With groundbreaking scheduled to begin on its controversial new building in a matter of months, the Los Angeles County Museum of Art has raised almost the entirety of the $650 million needed to complete the project.
On Thursday, the museum has received a $50 million pledge from the L.A.-based W. M. Keck Foundation, which typically funds in science, engineering, medical research, and undergraduate education.
This brings the total amount of money promised for LACMA’s construction project to $640 million, with the other $10 million to be secured by the end of February. The museum will also seek an additional $100 million from the public for “additional needs.” The new building is slated to open in 2024.
“Our community of donors is throwing their support behind our vision of how an art museum can nurture and celebrate our diverse city through historical and contemporary art from around the world,” LACMA director Michael Govan said in a statement.
The museum’s forthcoming building, designed by Swiss architect Peter Zumthor, has been in the works for almost 20 years, when the board first began thinking of redesigning the eastern part of the campus, according to a 2013 article written by Govan, who moved to L.A. in 2006 for the top post and was tasked with making the building project a reality.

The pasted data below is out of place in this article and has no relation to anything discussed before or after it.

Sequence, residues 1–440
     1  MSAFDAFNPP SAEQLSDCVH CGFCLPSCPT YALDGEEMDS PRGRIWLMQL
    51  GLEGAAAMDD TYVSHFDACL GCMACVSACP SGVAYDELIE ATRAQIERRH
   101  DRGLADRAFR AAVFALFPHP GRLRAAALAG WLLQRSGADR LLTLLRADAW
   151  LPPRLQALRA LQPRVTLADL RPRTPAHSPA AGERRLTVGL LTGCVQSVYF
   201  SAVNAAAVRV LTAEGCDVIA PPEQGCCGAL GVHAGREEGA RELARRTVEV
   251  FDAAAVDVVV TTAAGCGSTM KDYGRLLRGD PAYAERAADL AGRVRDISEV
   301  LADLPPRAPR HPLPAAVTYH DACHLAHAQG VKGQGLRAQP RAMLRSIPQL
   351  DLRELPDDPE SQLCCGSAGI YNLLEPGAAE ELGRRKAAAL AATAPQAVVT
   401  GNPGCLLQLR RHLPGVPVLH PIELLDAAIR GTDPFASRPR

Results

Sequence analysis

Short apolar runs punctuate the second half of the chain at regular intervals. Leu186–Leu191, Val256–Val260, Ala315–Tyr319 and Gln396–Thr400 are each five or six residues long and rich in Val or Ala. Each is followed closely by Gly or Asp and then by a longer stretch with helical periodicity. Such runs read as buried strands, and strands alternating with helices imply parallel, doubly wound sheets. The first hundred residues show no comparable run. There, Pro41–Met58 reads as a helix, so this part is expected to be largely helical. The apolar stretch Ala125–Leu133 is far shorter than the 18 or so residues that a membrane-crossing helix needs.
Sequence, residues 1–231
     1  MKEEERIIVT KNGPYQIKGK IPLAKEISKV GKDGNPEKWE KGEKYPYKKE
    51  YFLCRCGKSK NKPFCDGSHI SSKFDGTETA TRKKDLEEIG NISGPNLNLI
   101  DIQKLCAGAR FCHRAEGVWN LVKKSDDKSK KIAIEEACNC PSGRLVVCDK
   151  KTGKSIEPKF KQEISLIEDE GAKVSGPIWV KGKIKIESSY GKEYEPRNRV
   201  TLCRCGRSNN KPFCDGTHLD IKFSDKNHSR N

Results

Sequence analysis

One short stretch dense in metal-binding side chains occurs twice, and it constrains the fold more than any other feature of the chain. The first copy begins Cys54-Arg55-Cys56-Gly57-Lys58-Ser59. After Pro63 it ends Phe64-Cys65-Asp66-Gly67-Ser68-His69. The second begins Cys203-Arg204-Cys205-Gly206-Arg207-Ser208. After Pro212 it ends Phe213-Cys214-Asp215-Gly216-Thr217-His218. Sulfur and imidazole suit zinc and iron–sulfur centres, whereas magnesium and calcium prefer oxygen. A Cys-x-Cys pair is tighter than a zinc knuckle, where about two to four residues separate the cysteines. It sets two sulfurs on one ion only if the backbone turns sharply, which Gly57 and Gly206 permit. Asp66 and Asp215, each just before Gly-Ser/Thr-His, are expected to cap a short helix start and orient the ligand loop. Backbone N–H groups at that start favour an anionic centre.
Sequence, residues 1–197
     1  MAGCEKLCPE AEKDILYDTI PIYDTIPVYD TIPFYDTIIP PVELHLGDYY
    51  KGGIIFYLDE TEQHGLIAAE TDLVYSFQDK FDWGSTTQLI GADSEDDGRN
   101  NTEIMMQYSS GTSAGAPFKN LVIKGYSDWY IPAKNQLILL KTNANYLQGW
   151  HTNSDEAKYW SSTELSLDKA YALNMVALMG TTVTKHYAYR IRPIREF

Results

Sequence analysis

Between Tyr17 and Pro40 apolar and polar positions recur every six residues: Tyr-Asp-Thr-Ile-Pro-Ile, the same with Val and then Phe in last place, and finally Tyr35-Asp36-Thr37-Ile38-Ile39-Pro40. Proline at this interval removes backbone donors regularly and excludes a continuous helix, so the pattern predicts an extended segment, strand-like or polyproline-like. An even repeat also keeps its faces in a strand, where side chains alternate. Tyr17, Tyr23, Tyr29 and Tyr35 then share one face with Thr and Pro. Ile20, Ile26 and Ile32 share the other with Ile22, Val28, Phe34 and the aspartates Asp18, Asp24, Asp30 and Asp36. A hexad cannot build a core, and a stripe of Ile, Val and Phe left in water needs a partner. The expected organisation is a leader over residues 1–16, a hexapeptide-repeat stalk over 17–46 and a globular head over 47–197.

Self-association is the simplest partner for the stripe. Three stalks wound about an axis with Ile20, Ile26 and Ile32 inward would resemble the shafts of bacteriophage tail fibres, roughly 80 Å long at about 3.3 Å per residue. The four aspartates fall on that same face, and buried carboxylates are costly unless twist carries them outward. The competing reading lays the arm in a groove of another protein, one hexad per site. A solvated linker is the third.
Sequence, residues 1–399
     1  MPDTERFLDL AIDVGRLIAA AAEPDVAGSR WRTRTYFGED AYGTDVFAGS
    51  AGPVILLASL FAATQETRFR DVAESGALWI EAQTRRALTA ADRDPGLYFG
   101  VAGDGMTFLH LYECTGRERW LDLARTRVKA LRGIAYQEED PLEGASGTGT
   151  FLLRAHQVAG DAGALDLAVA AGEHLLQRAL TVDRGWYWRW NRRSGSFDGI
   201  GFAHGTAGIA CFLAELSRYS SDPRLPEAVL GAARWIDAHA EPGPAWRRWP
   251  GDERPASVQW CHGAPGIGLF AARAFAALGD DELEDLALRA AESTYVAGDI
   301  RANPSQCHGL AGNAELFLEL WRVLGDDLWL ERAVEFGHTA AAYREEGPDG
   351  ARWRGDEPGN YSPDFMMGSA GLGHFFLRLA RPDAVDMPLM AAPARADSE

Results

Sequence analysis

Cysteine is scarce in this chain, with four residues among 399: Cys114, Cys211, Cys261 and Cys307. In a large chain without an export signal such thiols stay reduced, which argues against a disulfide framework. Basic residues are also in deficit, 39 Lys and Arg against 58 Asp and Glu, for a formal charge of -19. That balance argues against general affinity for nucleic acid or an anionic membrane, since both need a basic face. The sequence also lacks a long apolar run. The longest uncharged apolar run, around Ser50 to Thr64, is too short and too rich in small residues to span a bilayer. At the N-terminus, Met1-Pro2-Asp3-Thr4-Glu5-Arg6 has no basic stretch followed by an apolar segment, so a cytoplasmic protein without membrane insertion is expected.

Zumthor’s original design proposal, which has undergone several revisions over the years, was unveiled in 2013 as part of an exhibition at LACMA, and shortly thereafter the museum moved forward with the plan. The building received its first major donation pledge in 2016, with $50 million coming from board president and ARTnews Top 200 Collector Elaine Wynn. That was followed in 2017 by $150 million from another major collector, David Geffen, after whom the galleries will be named. The Los Angeles County Board of Supervisors promised $125 million in taxpayer funds.
Shortly before the county supervisors were scheduled to vote on releasing $117.5 million of its pledge in April 2019, LACMA announced revisions to Zumthor’s original design, including changing the color of the building from its original black, meant to mimic the nearby La Brea Tar Pits, to a beige, and a reduced square footage.
These changes—in particular that size of the new building, which will be significantly smaller than the four structures to be torn down—caused an outcry, with prominent outlets like the Los Angeles Review of Books and the Los Angeles Times running essays that decried the project.
But the new building had several supporters, including celebrities Brad Pitt and Diane Keaton, who spoke in favor of the plans. The supervisors then voted unanimously in favor of the new building. In December, LACMA also won approval from the City of Los Angeles to move forward with its plans, when it vacated the air space rights to Wilshire Boulevard, which the Zumthor building is expected to cross.